Jones Day also wrote: “Solar project developers and installation companies, which have benefitted from the rapid decline in solar PV panel prices, lined up in opposition to the case. They argued that increasing the price of panels would jeopardize the development of dozens of gigawatts of solar generation facilities and lead to tens of thousands of lost jobs. …”
Read more from Jones Day here. 9/26/2017
All of GM’s Ohio and Indiana manufacturing facilities will meet their electricity needs with 100% renewable energy by the end of 2018 according to this announcement by General Motors Corporation this week.
GM is buying a total of 200 megawatts of wind energy from Ohio and Illinois wind farms. Once the turbines come online by the end of 2018, renewable energy will power 20% of GM’s global electricity use.
The new wind deals are enough to meet the electricity needs of Fort Wayne Assembly, Marion Metal Center and Bedford Casting plants in Indiana and Lordstown Assembly, Defiance Casting Operations, Parma Metal Center and Toledo Transmission plants in Ohio.
GM is an OMA member. 9/28/2017
This week the OMA Sustainability Peer Network (SPN) toured Honda’s Marysville Automobile Manufacturing plant. The sold-out tour focused on Honda’s sustainability projects and initiatives.
The SPN plans an in-person meeting on Wednesday, December 6 to discuss manufacturer-driven initiatives and reduction goals with respect to greenhouse gases. There will be a panel of subject matter experts and group discussion.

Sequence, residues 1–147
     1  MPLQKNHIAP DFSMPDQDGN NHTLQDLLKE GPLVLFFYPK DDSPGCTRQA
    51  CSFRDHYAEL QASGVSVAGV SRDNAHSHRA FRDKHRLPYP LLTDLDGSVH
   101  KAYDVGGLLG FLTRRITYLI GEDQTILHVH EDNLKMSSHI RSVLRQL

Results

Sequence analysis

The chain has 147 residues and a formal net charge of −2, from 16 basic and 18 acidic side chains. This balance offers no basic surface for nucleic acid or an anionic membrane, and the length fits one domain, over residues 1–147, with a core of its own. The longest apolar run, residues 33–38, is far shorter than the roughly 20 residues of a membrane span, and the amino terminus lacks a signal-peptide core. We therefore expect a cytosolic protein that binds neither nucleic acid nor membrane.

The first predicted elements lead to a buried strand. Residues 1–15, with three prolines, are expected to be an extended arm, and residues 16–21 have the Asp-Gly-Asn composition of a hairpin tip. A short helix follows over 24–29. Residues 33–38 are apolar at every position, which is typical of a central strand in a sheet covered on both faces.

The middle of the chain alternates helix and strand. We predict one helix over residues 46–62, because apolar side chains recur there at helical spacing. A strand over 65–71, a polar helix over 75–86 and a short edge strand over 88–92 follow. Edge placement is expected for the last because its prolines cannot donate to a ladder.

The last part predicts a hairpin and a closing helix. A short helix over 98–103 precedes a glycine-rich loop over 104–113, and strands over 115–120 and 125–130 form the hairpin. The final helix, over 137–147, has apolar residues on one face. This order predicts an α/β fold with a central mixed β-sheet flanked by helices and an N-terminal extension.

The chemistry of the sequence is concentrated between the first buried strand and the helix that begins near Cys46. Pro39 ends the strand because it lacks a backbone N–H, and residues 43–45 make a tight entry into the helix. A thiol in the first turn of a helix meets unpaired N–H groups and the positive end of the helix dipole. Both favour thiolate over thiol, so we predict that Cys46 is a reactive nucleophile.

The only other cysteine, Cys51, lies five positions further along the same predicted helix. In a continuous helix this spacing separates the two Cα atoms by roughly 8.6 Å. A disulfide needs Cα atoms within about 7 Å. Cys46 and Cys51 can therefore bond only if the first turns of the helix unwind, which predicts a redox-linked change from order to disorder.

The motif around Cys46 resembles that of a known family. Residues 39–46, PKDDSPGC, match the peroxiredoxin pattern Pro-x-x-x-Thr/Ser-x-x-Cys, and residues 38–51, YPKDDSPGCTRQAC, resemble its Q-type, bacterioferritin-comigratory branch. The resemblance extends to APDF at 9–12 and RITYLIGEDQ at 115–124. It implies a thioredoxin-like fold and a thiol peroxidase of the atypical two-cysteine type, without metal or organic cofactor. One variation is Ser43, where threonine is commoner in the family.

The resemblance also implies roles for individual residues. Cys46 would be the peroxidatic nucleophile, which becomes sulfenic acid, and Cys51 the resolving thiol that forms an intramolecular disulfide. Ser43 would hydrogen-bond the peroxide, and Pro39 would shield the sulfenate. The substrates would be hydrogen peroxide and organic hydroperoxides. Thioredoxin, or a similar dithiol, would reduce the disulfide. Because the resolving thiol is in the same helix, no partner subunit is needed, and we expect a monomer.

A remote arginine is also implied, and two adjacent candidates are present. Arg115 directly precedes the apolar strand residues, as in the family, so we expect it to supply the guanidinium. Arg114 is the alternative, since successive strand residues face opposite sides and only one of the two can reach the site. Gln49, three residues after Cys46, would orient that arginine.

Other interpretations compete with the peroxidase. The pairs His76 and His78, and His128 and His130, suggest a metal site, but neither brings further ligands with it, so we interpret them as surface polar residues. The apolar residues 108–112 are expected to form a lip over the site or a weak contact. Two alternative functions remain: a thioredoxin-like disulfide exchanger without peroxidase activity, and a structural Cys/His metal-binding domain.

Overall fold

Watch Leadership Briefing for details and registration information. Or email us here to make sure we send you the details directly. 9/21/2017
Touting the economic and energy benefits of wind farms that have already been approved and constructed in his northwestern Ohio district, Senator Hite said in this news release: “The current policy is contrary to Ohio’s reputation as a business-friendly environment and an energy-producing state. It prevents businesses with an interest in gaining access to and investing in wind energy in Ohio from doing so.” 9/21/2017
AEP and Vadata, Inc. (an affiliate of Amazon Web Services) filed a joint application for a Unique Economic Development Arrangement as part of Vadata’s plan to build and operate “cloud computing data centers” at three Ohio locations.
The arrangement proposes to significantly discount the amount that Vadata must pay under riders that are calculated on a kWh basis, with the discounts escalating as Vadata develops more data centers, and to exempt Vadata completely from the obligation to pay other riders.
Although the arrangement purports to offer Vadata these incentives without requiring other AEP customers to pay forgone revenue, the arrangement will likely shift revenue responsibility to other customers paying the same riders.
Last week the Federal Energy Regulatory Commission (FERC) approved Rover’s request to put Phase 1A of the Rover Pipeline into active operation.
As a result of the approval the pipeline will commence transmission of natural gas services using its 191 mile, 42 inch diameter mainline from Carroll County to Defiance County. A second mainline remains under construction.
FERC also permitted Rover to use 3.5 miles of a 30 inch diameter pipeline in Harrison County and 18.6 miles of 42 inch diameter pipeline connecting Harrison County to Carroll County. 9/7/2017